Ways VR Is Shaping Property Marketing and Branding

Ways VR Is Shaping Property Marketing and Branding

By Carrie Rosenfeld for GlobeSt.com.

Irvine, CA — Virtual reality is a tool that can deliver a sense of place and really represent the brand of a property in a way that goes beyond the capabilities of renderings, a brochure or lifestyle video, MVE’s Matt McLarand tells GlobeSt.com.

As architects, MVE helps create the brand of a building—that and the identity of a community goes beyond the design phase and into the marketing phase of the property. McLarand says architects and developers/owners can allow potential buyers to use VR to design their new condo, which directly affects developers’ and owners’ bottom lines.

We spoke with McLarand about how developers and owners can leverage VR to help market and brand their residential properties and how this can impact their bottom lines.

GlobeSt.com: How is VR changing the way developers market their properties?

McLarand: The entire real estate community is intrigued by VR because it’s new and cool and really brings a “wow factor” to any project. It will be key for those in real estate to look past the sheer cool factor and figure out how to leverage the capabilities of VR to achieve measurable business goals.

VR is a tool that can greatly impact and enhance the way developers and owners market their properties. VR has emerged as one of the most sharable marketing tools that allow users to experience a project before it is constructed. Once you have the technology to build completed renderings into a virtual environment, you can share the immersive experience via a QR code or link in email, media stories, on websites, apps, social media and more. It can also be formatted so people who do not have access to VR headsets or Google Cardboards can still view a space in 3D. The viralability of VR is the key to promoting a property quickly and efficiently across a large number of audiences. VR has emerged as another tool in the property marketing materials arsenal; however, the “cool factor” of the technology is what allows it to work harder than any brochure, website, ad or video can.

GlobeSt.com: How are architects using this tool to support the brand of properties?

McLarand: VR is a tool that can deliver a sense of place and really represent the brand of a property in a way that goes beyond the capabilities of renderings, a brochure or lifestyle video. The immersive experience provides the viewer with vivid sensations that cannot be achieved with any other visual tool. Architects bring a developer’s vision to life through the planning and design of a community and can leverage VR to support that identity in a sharable, near‑real experience. With the help of VR, we no longer need to put a narrative behind a rendering; we can simply share a link that transforms the viewer’s office or living room into a place where you can experience true textures, perspective, scale, and experience the activity and surroundings as you walk through a property. It’s energizing and creates a feeling as if you have traveled into the future to experience the personality, vibrancy and identity of the property.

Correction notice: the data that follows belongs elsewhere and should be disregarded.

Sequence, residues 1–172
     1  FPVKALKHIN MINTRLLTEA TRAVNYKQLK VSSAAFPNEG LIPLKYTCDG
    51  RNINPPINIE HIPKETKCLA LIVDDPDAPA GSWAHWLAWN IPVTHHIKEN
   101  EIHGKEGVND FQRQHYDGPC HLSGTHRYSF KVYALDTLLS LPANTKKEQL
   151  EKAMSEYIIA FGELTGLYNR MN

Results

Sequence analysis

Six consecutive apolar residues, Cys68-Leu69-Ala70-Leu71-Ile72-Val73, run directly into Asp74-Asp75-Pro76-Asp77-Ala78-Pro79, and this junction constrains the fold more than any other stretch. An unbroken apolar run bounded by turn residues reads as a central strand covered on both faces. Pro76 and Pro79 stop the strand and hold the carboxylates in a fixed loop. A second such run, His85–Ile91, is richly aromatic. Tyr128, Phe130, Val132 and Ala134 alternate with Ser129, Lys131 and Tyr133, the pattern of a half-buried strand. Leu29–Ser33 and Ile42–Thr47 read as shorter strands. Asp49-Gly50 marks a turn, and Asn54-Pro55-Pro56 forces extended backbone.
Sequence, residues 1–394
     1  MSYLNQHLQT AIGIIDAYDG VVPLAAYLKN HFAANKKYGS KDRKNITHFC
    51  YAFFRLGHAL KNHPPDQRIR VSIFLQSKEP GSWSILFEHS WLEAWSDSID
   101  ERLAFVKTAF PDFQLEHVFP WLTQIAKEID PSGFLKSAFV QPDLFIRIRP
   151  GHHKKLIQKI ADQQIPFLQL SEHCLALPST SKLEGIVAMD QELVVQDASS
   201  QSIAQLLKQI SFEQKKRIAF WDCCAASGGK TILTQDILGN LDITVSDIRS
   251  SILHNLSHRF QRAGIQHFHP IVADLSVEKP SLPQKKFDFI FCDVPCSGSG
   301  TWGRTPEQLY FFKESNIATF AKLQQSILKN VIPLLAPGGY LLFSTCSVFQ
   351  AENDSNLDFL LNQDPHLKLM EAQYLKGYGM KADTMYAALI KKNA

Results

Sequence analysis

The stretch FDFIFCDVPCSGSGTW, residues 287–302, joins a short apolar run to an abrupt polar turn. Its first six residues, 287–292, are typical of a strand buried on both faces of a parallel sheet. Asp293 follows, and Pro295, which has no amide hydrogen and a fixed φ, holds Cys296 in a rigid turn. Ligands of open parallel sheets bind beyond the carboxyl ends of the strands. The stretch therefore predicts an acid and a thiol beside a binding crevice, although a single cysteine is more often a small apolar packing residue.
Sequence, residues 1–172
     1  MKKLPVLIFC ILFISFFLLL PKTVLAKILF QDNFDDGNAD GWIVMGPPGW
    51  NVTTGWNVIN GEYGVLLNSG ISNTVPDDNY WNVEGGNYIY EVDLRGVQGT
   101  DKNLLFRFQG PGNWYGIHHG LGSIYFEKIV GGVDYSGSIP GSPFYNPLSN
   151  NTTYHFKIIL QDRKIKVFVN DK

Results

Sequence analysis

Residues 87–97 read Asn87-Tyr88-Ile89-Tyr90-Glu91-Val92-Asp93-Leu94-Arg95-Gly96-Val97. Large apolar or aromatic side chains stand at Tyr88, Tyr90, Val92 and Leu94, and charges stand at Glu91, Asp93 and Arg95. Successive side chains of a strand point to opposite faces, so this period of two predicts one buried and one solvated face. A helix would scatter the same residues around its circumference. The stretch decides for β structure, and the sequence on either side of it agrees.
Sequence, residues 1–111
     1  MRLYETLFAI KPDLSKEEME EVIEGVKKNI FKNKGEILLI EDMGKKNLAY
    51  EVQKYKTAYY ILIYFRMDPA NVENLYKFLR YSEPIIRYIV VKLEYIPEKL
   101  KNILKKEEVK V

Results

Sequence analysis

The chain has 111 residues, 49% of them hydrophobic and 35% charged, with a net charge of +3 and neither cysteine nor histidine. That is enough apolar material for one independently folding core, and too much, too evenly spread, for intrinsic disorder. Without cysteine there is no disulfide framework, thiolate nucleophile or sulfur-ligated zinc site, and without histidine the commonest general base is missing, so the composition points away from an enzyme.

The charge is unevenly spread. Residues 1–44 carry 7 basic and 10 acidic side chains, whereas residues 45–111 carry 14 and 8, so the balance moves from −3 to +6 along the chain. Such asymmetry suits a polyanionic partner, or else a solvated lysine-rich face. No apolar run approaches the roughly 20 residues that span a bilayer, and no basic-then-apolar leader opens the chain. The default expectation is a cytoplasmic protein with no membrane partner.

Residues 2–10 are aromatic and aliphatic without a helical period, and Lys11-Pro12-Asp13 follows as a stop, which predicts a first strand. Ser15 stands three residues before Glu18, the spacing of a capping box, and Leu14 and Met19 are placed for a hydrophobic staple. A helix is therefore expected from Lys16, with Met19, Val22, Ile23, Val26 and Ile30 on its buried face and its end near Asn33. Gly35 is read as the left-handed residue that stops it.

GlobeSt: How will VR impact developers’ bottom lines?

McLarand: With VR, the possibilities are endless and will continually evolve as the technology is fully adopted into the marketplace. Currently, developers can begin marketing their campus or community to potential tenants or buyers as soon as they have finalized a design. This creates the opportunity to virtually experience a property months or even years before there is a physical sense of place established and increases the promotional timeline to potentially increase the amount of space or units leased or sold upon completion of the project. It also allows the developer to market the property effectively to a wider audience, specifically those that are not local to the project. The idea of physically taking the project to a distant audience is one that many real estate professionals have wanted to do for years, and now they can. For example, this immersive experience allows a family on the East Coast looking to move to California to gain a true sense of identity about a property or community without having to spend the time or money to fly across the country. All of these opportunities contribute to potential increases in leasing and sales of units within a community.

GlobeSt: What else should our readers know about VR?

McLarand: VR can do more than just show a property to a potential buyer or tenant. We have used it to help developers provide a decorating tool to potential condo buyers. Car companies have been using a similar tool for years: you can go online and build your favorite car with all of the colors and packages. Now with VR, we can immerse a potential buyer into their future condo to pick wall paint, granite countertop colors, cabinet colors and more. Beyond that, the virtually designed condo can be shared via a link with friends and family through the buying process. This tool energizes buyers and allows them to visualize their new home before they can physically stand it in.

The response we gained from potential buyers when using this tool was overwhelming. The immersive, customizable experience made the condo-buying process so much more personal than anything they had experienced in the past and ultimately led to an increase in sales. The uses for VR and real estate seem to be endless. We are looking forward to continuing to deploy the technology for our clients to help establish a brand for a property, create buzz around new developments and ultimately lease and sell more units.